credit Markets

The Fed Effect On Flows, And A $4.7 Trillion Cash Pile Suddenly Facing Negative Returns

Flow reversals and the "cost of cash".

In what’s become a Friday tradition, the Fed said it will slow the pace of Treasury buying in the coming week, this time to $7 billion per day from $8 billion previously.

This is in keeping with recent precedent. They’ve trimmed daily buying regularly since the introduction of unlimited QE in March.

The latest read on the balance sheet shows the Fed’s holdings have ballooned to $6.72 trillion. Last week’s addition was “just” $65.5 billion, the least since the Fed began to ramp up purchases in response to the crisis.

A week ago, I argued that the biggest story for markets wasn’t the rally in stocks in April (the best month since 1987, set against the worst data in history), but rather the second consecutive month of record high-grade issuance.

The mere prospect that Jerome Powell is set to put the Fed’s limitless balance sheet behind the corporate credit market was enough to tamp down spreads and pry open the doors even for junk borrowers at a time when corporate management teams are keen on raising cash to help shore up their finances amid the storm.

Indeed, there’s a strong argument to be made that the Fed helped the government avoid bailing out Boeing, by creating favorable market conditions which allowed the beleaguered national champion to tap investors for $25 billion in the sixth-largest deal on record last month.

With all of that in mind, it’s worth noting that the latest data from Lipper shows IG funds enjoyed a fourth consecutive week of inflows last week, marking a continuation of the remarkable turnaround from a truly harrowing stretch in March.

High yield funds took in $3.53 billion, Lipper said, a large sum that continues a hot steak now set to run into a seventh week.

Meanwhile, EPFR data for the week shows $16.2 billion flowing out of global equities, the most since the March crash. Another $53.5 billion moved into cash, while $11.3 billion went to bonds and $2.3 billion to gold.

“[The] cash mountain is yet to peak”, BofA said, noting that money market fund assets are up $1.2 trillion in the last 14 weeks to $4.8 trillion.

It’s worth taking a second to consider what that means at a time when markets are now pricing negative rates from the Fed.

Obviously, it’s difficult to generate any kind of return in government money funds when rates are parked at the lower bound, and the situation is scary indeed now that STIR traders seem hell-bent on cornering the Fed into cutting rates below zero.

This isn’t the first time funds have had to cope with ZIRP, but AUM is twice as large as it was for most of the post-crisis, low-rate era. Increasingly, it looks as though the industry will again be forced to waive management fees and resort to “creative” tactics to squeeze out some semblance of positive returns for investors.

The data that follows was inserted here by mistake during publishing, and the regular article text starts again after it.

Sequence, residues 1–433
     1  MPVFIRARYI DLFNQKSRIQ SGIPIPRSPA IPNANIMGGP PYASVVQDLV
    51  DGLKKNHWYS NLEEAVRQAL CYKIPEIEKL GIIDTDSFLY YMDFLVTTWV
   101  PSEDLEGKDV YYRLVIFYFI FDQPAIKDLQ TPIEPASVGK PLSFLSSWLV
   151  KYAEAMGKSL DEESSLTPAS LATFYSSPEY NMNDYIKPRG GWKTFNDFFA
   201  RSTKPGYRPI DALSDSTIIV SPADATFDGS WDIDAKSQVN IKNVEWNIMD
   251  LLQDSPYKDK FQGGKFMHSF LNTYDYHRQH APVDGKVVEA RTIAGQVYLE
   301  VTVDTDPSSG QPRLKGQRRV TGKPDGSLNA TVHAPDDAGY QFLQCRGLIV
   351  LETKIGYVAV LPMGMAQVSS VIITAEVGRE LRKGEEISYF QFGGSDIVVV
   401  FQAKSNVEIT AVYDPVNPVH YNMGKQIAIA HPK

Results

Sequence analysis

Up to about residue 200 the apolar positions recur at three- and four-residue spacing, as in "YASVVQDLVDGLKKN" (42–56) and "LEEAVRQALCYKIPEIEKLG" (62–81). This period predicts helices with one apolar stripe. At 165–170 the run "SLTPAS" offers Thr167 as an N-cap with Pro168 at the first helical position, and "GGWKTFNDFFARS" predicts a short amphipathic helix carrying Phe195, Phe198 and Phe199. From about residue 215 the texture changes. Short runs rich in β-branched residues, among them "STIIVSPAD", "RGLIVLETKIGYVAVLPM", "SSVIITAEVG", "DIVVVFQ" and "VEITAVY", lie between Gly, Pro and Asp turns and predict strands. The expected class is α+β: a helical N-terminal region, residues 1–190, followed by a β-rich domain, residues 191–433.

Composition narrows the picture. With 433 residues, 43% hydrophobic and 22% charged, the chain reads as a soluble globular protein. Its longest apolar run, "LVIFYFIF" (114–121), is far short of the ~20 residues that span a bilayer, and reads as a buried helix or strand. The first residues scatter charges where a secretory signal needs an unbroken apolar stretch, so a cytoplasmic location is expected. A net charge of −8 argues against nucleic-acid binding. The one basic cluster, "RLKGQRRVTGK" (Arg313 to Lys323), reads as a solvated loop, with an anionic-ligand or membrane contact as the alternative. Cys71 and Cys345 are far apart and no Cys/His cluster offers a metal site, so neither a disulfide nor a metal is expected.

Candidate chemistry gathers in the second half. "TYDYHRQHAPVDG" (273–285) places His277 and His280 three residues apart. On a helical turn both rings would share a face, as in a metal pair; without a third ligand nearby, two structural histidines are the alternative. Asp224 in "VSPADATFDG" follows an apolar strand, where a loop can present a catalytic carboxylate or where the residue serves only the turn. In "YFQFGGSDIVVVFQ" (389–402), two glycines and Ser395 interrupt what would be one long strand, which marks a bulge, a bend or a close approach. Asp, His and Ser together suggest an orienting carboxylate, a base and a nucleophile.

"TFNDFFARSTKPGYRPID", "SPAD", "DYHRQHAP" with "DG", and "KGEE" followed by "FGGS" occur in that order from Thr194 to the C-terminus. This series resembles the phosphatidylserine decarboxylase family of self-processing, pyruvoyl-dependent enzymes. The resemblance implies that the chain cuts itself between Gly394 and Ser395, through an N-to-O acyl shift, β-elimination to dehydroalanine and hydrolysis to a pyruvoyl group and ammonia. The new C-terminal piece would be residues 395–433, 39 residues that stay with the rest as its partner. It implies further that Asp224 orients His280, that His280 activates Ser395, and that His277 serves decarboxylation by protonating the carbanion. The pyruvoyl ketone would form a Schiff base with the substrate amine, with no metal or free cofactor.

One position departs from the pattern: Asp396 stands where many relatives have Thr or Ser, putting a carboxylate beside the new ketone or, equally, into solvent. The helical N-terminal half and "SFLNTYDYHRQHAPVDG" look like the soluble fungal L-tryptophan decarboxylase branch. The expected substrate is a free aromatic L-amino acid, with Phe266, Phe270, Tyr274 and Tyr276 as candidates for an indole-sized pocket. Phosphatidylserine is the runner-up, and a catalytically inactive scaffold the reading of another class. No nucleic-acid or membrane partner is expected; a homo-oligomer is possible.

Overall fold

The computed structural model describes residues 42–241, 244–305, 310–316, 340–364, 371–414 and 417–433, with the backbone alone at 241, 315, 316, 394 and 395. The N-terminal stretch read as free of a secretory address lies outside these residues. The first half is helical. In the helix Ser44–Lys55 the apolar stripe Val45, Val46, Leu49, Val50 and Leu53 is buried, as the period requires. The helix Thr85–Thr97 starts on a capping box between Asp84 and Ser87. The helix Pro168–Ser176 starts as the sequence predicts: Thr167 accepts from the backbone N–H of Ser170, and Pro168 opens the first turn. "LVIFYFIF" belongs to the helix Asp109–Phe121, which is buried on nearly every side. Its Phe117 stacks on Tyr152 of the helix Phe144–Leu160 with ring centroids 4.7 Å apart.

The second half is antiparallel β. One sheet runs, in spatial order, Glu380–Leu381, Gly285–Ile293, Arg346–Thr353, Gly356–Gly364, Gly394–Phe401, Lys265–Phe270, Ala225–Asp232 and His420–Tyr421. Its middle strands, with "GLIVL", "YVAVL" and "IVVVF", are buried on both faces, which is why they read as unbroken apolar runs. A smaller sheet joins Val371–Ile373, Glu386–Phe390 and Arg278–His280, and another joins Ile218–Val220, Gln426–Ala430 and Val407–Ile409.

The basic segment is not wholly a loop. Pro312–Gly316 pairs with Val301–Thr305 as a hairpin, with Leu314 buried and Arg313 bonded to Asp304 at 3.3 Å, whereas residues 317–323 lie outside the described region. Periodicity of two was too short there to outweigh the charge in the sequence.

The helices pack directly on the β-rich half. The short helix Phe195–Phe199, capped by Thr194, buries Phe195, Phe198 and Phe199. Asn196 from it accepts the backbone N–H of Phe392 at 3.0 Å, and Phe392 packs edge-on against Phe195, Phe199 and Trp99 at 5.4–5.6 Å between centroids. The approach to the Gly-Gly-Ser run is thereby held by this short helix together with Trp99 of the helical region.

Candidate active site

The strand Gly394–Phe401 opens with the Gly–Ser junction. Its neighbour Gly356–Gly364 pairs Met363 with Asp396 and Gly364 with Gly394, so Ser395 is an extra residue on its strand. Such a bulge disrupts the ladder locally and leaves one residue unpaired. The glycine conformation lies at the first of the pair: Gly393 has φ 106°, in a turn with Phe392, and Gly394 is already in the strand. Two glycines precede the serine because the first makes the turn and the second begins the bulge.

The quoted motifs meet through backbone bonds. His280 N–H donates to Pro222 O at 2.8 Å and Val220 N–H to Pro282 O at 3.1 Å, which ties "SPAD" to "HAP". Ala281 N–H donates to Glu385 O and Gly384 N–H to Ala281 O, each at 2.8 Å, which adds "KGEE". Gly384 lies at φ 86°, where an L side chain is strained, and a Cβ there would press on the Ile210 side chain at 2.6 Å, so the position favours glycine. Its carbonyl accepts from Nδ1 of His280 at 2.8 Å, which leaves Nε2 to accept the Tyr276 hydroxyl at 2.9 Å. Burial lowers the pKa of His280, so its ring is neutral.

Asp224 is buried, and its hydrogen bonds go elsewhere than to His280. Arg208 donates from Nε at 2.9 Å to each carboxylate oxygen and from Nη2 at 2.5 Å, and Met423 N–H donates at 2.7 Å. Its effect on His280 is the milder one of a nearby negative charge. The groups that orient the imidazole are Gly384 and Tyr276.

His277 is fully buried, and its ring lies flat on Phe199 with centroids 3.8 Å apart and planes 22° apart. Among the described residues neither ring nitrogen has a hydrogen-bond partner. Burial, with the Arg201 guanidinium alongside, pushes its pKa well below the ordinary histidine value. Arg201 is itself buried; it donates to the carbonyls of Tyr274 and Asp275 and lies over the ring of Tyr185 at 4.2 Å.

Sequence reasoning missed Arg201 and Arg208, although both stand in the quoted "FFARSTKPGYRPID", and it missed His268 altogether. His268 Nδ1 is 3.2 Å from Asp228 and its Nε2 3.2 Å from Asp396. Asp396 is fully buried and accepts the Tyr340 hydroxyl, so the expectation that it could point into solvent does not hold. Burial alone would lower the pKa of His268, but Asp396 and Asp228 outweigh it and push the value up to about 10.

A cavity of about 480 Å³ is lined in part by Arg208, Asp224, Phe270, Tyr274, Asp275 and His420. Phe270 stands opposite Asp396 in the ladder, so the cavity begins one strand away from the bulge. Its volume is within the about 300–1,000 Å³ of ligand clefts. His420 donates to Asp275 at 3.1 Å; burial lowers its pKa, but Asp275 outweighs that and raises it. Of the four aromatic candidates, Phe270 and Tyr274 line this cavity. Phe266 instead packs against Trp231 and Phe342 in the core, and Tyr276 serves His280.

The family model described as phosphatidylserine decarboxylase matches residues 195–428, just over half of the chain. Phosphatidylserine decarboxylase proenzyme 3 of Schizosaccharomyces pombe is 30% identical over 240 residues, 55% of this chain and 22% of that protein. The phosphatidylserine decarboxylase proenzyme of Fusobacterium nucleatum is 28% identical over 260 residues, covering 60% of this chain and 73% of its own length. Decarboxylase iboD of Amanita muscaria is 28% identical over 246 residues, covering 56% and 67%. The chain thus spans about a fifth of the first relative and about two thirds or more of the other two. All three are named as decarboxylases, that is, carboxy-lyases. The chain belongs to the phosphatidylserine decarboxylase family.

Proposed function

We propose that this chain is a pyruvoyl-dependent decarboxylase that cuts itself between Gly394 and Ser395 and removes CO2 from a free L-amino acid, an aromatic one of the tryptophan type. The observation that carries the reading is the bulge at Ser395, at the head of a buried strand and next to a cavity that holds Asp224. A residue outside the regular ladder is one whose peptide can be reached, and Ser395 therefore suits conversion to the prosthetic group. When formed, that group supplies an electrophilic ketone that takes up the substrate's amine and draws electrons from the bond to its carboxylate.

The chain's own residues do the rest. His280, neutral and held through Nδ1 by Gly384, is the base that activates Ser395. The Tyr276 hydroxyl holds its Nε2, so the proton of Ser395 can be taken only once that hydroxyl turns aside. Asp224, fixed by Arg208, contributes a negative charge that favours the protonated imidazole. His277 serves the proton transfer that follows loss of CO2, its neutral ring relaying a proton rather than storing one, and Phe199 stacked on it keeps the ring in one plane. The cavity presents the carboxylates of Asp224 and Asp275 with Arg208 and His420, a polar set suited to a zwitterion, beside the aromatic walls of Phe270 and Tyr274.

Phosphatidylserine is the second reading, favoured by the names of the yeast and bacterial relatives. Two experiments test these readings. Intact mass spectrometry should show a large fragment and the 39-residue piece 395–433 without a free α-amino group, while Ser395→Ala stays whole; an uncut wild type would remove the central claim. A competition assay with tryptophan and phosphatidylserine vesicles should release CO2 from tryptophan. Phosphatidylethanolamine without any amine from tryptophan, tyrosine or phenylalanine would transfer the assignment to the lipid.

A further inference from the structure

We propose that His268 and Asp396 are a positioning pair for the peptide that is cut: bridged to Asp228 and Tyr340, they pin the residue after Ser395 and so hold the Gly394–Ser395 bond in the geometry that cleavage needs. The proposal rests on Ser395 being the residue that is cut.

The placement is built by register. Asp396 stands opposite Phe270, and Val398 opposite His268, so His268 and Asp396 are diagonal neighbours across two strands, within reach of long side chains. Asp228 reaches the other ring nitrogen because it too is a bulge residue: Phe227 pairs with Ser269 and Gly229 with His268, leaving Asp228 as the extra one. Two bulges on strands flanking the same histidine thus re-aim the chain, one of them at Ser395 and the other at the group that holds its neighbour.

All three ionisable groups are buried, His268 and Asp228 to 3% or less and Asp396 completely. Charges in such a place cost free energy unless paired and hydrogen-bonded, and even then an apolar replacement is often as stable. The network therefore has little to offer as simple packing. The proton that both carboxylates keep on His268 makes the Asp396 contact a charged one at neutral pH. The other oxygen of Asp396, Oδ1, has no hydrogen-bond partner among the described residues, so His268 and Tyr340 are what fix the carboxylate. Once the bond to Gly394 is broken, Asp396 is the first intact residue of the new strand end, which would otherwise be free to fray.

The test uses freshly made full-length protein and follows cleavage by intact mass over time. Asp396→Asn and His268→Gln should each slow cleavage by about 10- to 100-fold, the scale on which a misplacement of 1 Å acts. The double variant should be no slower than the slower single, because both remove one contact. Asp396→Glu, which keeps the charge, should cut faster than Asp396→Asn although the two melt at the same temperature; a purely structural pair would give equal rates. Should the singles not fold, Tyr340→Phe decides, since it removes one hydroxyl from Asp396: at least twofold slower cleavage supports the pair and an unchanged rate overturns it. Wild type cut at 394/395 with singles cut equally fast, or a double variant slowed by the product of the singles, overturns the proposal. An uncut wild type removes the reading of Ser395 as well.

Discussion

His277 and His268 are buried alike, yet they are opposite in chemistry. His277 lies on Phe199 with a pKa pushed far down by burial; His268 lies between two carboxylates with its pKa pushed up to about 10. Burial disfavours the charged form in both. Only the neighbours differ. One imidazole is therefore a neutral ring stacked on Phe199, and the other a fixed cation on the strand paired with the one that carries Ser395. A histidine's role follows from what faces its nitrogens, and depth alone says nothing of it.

The problem goes beyond rock-bottom yields on bills. “The profitability from lending in repo markets has also been reduced”, Bloomberg’s Alex Harris wrote Friday, noting that one manager she spoke to is “finding value in two-year floating rate notes” and is tapping sponsored repo. “The last resort… is stowing cash in the Fed’s overnight reverse repurchase operations at a rate of 0%”, that manager told Harris, while another mentioned that agency MBS still works, as do coupons and bonds that are near maturity, although that comes with liquidity risk – and you don’t want that if you’re a money market fund.

This is the “price you pay” for owning cash, but it looks like that turn of phrase will go from a figurative way of describing lost opportunities in riskier assets to a literal reference to negative returns on trillions parked in money market funds.

But really, why hang out in cash and wait around for the inevitable? After all, there are myriad exciting places for adventurous capital to go in a world where corporate borrowers continue to tap the market for billions, even as profits collapse into the black hole that is America’s imploding economy.

Headed into Friday, for example, at least 10 companies were on deck, an unusually high number for the last day of the week, especially for a session defined by the worst jobs report in American history. “No-deal Fridays are slowly becoming a rarity as syndicate desks and borrowers take advantage of the wide open issuance window”, Bloomberg noted.

Amusingly, the momentum looks like it’s poised to run out for LQD, the most popular IG credit ETF on the market.

Having closed below its 200-day moving average twice, and with the RSI fading, the Fed-inspired euphoria is clearly abating.

Maybe if Powell waits another week before buying, he can get in at a better price – and then bid up his own holdings to infinity.


 

2 comments on “The Fed Effect On Flows, And A $4.7 Trillion Cash Pile Suddenly Facing Negative Returns

  1. Gives a whole new meaning to “Don’t Fight the Fed”

  2. Dr. H,
    Does this mean yield starved money moving to risk assets?

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